Science is self-correcting

I’ve said it before but it deserves saying again. Science self-corrects, no matter how much the Crusaders want to whine and claim that this is a myth. Self-correction isn’t always very fast. It can take decades or even centuries. When thoroughly incorrect theories take root, it can take some extraordinary effort to uproot them again. However, given the pursuit of truth and free expression continues unhindered and as long as research has sufficient resources and opportunities, a correction will eventually happen. In many ways self-correction is like evolution, climate change, or plate tectonics. You rarely see direct evidence for these slow changes by looking at single time points but the trends are clearly visible. Fortunately though, scientific self-correction is typically faster than these things.

Take the discovery last year of gravitational waves supporting the Big Bang theory of the origin of the universe. It was widely reported in the news media as a earth- (well, space-) shattering finding that would greatly advance our understanding of our place in the cosmos. It resulted in news articles, media reports, and endless social media shares of videos and articles about this and the Daily Mail immediately making a complete fool of itself as usual by revealing just how little they know about the scientific process. It sparked some discussion about sexism in science journalism because initial reports ignored one of the female scientists who inspired the theory. (I am too lazy to provide any links to these things. If you’re on this blog I assume you’ve mastered the art of google).

However, in the months that followed critical voices began to be heard suggesting that this discovery may have been a fluke. Instead of gravitational waves revealing the fabric of the universe itself, it appears that these measurements were contaminated by signals stemming from cosmic dust. Just the other day, Nature published a story suggesting that this alternative, simpler explanation now looks to be correct. I am not the Devil’s Astrophysicist so I can’t talk about the specifics of this research but it certainly sounds compelling from my laywoman’s  perspective: even without in-depth understanding of the research I can tell that the evidence suggests a simpler explanation for the initial findings and by Occam’s Razor alone I would be encouraged to accept this one as more probable.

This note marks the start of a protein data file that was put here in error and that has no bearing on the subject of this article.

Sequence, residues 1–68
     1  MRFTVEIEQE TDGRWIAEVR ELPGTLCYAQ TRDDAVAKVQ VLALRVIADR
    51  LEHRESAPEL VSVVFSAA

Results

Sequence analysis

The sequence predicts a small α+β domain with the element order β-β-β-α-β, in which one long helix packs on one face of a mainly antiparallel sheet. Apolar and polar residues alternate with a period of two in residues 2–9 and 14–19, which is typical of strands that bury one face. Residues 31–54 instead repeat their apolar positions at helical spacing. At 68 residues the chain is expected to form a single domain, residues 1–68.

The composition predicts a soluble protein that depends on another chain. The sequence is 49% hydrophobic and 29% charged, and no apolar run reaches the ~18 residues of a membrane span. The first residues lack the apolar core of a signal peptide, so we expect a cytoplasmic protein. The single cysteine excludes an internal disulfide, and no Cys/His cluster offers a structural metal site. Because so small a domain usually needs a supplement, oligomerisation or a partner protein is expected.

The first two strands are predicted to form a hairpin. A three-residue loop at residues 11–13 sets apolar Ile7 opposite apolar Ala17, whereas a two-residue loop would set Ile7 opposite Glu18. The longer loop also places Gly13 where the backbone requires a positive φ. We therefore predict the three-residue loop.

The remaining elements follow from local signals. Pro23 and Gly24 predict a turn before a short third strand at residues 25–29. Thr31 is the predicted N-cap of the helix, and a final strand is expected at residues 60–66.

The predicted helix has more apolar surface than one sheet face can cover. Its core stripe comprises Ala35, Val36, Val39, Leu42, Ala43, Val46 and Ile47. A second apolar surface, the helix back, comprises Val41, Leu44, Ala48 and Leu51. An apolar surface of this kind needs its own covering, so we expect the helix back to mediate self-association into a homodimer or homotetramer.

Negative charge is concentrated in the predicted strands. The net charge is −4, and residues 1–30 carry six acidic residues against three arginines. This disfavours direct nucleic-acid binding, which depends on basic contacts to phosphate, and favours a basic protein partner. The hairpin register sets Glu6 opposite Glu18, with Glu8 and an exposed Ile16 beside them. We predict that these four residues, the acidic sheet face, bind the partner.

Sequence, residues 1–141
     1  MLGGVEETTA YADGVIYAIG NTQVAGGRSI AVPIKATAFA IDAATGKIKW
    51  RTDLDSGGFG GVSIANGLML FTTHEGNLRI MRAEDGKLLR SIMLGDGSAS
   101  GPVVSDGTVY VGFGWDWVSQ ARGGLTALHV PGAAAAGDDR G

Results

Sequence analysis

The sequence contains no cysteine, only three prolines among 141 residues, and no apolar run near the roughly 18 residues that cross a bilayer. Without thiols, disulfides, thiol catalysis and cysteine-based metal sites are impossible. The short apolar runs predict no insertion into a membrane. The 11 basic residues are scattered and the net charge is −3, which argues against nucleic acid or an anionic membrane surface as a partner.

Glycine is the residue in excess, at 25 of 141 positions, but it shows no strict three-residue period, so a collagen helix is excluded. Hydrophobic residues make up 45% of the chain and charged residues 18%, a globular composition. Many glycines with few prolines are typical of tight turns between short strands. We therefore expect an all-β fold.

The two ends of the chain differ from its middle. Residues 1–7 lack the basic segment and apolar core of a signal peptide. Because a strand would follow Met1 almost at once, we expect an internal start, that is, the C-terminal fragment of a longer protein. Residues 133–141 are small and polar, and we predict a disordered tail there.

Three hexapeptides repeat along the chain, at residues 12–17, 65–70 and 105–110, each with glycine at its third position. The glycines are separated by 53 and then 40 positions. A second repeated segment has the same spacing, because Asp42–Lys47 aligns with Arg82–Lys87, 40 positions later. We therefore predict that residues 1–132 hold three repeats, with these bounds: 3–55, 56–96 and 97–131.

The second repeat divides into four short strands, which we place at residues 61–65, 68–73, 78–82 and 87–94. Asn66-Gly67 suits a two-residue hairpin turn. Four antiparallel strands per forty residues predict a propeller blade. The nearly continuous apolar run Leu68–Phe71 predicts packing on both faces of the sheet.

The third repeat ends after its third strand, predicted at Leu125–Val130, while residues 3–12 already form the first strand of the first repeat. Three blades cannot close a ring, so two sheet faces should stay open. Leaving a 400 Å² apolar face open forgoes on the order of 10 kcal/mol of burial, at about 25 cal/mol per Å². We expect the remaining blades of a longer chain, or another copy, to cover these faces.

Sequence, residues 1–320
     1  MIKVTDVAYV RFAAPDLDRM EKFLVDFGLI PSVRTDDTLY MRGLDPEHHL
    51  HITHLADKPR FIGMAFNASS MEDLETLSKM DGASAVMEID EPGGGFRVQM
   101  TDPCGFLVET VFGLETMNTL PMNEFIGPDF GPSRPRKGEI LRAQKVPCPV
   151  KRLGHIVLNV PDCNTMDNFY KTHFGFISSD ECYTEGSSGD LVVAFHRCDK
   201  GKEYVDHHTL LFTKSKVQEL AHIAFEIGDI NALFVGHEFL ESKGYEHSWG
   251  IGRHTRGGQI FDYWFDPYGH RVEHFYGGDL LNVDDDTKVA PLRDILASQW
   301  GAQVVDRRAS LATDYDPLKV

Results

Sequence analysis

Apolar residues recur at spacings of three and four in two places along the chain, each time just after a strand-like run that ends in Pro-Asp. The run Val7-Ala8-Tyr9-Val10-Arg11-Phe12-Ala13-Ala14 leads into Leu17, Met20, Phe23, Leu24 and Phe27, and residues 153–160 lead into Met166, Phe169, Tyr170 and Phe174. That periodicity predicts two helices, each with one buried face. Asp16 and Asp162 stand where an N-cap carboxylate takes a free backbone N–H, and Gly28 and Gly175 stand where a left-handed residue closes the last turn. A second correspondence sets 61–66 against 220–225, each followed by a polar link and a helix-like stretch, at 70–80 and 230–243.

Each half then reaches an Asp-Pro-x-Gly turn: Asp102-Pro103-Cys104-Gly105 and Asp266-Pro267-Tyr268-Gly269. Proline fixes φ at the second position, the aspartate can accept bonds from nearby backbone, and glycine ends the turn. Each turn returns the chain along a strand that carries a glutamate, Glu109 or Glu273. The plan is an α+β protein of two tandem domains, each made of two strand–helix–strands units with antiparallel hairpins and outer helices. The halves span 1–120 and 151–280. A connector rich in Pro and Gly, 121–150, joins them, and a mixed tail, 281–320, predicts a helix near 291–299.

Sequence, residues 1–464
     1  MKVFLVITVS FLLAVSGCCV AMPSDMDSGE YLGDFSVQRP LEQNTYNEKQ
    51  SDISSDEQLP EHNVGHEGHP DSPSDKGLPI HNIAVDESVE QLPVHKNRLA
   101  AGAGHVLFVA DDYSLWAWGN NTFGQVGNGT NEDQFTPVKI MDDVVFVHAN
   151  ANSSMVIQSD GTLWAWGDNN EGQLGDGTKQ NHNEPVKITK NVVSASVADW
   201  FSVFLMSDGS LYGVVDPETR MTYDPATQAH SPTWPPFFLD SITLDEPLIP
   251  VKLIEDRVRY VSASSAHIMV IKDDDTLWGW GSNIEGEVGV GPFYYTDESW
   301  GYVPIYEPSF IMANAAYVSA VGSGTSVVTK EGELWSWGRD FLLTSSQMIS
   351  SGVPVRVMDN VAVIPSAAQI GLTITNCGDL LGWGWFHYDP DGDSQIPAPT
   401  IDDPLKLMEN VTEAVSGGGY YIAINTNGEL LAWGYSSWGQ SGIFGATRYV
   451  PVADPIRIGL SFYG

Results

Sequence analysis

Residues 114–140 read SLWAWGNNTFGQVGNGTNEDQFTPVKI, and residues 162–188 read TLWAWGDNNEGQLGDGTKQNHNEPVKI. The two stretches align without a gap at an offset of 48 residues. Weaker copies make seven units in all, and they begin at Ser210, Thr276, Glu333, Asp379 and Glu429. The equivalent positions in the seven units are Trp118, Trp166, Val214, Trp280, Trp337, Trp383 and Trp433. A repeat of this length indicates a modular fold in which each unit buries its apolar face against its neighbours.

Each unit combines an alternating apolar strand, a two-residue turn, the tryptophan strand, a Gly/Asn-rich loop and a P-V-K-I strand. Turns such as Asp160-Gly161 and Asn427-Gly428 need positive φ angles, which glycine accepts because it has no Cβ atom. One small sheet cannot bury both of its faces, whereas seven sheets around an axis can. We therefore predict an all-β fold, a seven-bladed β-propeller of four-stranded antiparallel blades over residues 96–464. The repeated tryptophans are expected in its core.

They apparently also have orientation columns in space

I don’t see any problem with this and I am pretty sure neither do most scientists. This is just self-correction in action. If anything about this story has been problematic, it is the fact that the initial discovery was so widely publicized before it was validated. I don’t really know where I stand on this. On the one hand, this has been unfortunate because it could greatly confuse public opinion about this research. The same applies to the now “debunked” finding of arsenic life forms reported a few years ago. A spectacular, possibly paradigm-shifting discovery was reported widely only to be disproved at a later point. I could see that this sort of perceived instability in scientific discoveries could undermine the public’s trust in science with potentially devastating consequences. In a world where climate change deniers, “anti-vaxers”, and creationists are given an undeservedly strong platform to spread their views (no linking to those either for that very reason), we need to be very careful how science is communicated. A lack of faith in scientific research could do a lot of harm.

However, in my mind this doesn’t mean we should suppress media reports of new, possibly not-yet-validated discoveries. For one thing, in a free society we can’t forbid people from talking about their research. I also believe that science should be a leading example of democratic ideals and transparency because good science is based on it. Instead of strong regulation and rigid structures science flourishes when authority is questioned.

“[Science] connects us with our origins, and it too has its rituals and its commandments. Its only sacred truth is that there are no sacred truths. All assumptions must be critically examined. Arguments from authority are worthless.”

Carl Sagan – Cosmos, Episode 13 “Who speaks for Earth?”

More importantly, I believe as scientists we actually want to communicate the enthusiasm and joy we experience when we reveal secrets of the world – even if they are untrue. Rather than curtailing when and how we communicate our discoveries to the public, we should do a better job at communicating how science works in practice. By all means, we should improve our press releases to minimize the sweeping generalizations and unfounded speculations by the news media about the implications of a new finding. When communicating sensational results to the public, we should certainly convey our excitement. However, we should also always remind them (and ourselves) that any new discovery is never the last word on an issue but the first.